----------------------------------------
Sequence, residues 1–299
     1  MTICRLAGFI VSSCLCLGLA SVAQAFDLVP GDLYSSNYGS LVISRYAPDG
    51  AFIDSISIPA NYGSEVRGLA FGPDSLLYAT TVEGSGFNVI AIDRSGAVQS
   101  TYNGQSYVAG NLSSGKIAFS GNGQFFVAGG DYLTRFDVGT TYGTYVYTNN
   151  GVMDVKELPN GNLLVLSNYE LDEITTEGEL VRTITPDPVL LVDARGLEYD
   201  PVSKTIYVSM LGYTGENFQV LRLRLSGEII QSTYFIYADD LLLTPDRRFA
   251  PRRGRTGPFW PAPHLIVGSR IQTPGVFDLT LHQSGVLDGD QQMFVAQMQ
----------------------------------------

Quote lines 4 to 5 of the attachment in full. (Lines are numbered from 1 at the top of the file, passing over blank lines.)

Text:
   101  TYNGQSYVAG NLSSGKIAFS GNGQFFVAGG DYLTRFDVGT TYGTYVYTNN
   151  GVMDVKELPN GNLLVLSNYE LDEITTEGEL VRTITPDPVL LVDARGLEYD